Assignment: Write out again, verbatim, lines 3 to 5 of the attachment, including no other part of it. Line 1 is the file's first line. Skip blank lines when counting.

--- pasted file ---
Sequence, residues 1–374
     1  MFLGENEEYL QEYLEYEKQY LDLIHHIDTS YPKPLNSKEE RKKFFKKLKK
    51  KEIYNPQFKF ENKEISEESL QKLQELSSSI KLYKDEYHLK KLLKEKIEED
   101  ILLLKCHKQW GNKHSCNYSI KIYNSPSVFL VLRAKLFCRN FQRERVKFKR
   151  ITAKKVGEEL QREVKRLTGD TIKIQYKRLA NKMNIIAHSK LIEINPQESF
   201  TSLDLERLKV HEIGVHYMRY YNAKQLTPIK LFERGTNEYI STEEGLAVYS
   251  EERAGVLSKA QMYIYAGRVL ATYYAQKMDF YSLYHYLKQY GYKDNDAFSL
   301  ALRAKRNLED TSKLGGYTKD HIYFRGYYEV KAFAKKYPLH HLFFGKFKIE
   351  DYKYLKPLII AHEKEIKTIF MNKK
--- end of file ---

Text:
    51  KEIYNPQFKF ENKEISEESL QKLQELSSSI KLYKDEYHLK KLLKEKIEED
   101  ILLLKCHKQW GNKHSCNYSI KIYNSPSVFL VLRAKLFCRN FQRERVKFKR
   151  ITAKKVGEEL QREVKRLTGD TIKIQYKRLA NKMNIIAHSK LIEINPQESF